These videos have also proven to aid in the allure of dancehall culture, providing dancehall enthusiasts with a sneak peek of what to expect before they physically step into these spaces. Many times, dancehall and sound system fanatics have hopped on a plane to Jamaica based on a fascination fed by these videos. In creating a diaspora of dancehall, Sowah and his counterparts have also facilitated an influx of tourism into Jamaica over the years specifically to engage in these spaces.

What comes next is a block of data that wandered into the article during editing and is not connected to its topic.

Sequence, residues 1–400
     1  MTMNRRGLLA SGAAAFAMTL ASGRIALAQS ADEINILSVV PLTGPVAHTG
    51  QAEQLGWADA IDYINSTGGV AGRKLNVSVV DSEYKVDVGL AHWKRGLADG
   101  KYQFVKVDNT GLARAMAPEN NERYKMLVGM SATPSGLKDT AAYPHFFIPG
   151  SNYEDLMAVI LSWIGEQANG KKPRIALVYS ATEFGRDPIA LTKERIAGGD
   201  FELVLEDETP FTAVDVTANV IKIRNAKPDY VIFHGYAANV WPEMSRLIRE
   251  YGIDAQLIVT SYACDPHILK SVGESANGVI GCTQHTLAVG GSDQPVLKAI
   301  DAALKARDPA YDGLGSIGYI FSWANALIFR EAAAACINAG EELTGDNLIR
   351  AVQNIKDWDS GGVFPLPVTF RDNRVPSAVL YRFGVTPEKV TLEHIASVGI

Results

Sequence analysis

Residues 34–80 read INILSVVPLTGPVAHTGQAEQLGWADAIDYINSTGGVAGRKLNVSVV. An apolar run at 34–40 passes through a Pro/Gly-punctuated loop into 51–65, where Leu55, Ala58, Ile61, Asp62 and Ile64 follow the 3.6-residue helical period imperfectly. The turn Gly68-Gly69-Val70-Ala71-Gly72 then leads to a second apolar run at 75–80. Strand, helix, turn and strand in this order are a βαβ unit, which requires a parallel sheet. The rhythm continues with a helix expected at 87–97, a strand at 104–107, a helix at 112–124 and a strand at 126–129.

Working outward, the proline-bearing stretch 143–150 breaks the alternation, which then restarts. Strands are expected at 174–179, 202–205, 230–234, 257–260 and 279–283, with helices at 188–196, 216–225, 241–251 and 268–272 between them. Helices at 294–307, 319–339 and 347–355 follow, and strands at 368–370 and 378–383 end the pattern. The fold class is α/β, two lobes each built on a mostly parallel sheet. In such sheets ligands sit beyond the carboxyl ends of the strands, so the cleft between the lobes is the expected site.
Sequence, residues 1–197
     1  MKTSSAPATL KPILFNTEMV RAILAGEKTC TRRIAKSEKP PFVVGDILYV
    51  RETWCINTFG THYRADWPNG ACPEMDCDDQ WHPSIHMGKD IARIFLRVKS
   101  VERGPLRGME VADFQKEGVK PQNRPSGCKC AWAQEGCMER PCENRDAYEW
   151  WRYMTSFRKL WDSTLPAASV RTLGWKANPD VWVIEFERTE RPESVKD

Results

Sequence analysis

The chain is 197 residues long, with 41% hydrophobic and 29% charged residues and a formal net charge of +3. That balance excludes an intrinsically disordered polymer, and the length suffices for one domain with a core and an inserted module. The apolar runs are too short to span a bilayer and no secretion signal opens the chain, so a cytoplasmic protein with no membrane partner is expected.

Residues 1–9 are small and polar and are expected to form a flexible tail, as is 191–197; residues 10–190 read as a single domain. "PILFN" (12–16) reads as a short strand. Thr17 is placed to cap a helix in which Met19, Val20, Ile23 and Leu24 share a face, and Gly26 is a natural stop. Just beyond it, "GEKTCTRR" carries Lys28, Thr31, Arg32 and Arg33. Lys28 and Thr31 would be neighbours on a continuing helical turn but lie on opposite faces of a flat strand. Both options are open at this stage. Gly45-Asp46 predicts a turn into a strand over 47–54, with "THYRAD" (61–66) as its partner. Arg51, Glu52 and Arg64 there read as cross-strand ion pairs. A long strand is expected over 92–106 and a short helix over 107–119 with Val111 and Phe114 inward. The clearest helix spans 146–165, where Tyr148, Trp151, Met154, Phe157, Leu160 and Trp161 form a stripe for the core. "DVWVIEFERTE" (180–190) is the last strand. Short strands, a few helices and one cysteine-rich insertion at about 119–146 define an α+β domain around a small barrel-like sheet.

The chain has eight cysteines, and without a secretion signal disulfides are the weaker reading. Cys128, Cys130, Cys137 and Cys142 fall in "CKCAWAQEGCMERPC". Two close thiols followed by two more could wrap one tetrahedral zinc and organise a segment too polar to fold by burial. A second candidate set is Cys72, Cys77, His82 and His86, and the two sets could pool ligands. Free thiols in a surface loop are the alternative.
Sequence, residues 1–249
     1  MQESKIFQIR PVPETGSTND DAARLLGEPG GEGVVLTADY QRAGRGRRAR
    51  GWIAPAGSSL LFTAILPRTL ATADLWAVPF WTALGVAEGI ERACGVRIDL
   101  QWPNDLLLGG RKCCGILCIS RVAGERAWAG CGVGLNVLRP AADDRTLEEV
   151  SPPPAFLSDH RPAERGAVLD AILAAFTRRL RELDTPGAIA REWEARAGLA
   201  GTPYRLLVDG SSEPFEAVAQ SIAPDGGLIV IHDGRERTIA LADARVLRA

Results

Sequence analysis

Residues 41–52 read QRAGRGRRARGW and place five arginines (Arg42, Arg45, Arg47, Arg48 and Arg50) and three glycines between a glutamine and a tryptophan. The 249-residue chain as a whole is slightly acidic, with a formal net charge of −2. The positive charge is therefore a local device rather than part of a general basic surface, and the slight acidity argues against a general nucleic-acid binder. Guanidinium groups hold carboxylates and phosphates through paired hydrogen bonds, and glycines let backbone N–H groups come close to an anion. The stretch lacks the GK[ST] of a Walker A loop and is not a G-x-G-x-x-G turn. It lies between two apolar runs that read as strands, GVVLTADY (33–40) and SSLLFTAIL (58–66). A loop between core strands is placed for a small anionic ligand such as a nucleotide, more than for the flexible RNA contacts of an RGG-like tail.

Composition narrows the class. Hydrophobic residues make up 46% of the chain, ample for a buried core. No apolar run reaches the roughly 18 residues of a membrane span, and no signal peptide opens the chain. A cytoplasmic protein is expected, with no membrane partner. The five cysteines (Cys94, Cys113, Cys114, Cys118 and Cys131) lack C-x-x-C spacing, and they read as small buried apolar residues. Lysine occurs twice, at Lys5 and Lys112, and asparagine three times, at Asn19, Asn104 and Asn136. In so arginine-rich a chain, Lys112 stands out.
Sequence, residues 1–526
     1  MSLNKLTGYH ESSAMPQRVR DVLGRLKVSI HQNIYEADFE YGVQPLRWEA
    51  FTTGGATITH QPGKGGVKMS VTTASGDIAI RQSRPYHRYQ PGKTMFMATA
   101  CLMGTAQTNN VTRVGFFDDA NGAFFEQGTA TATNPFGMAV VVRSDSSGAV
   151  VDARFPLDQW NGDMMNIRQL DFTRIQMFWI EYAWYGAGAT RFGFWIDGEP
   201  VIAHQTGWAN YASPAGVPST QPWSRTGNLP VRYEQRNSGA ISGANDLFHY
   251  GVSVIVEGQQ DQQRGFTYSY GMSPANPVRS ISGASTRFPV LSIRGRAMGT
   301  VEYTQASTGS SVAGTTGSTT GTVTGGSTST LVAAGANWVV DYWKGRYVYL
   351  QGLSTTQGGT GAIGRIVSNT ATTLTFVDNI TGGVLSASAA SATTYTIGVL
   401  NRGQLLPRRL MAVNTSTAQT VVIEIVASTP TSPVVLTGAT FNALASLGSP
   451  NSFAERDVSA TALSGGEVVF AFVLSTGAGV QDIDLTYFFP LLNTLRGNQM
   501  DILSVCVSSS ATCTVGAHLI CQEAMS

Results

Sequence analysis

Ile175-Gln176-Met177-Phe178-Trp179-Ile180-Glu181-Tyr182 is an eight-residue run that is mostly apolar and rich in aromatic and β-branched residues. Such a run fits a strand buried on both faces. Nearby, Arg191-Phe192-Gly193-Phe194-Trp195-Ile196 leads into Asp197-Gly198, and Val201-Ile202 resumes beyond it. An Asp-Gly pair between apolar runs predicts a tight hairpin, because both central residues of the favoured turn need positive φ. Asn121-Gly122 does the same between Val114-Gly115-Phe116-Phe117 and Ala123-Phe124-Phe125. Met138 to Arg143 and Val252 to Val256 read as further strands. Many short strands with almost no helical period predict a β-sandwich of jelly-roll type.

However, these videos have not only had a positive influence on outsiders watching them but the participants themselves as they vie for the video light. These spaces have encouraged the creation of what Stanley Niaah (2019) defined as ‘prime time geographies.’ She uses this term to “signal a certain way in which embodied practices and lifestyles are thrust into a visual domain that accords prime time luminosity for working-class perpetuators of dancehall who would not otherwise receive a taste of mainstream media attention, audience or placement” (p. 5-6). The dancehall space existing as prime time geography is enhanced through videography. This offers the opportunity for dancers, sound system operators and other participants, many of whom lack formal training in their artistry, to be placed within a global network of creatives.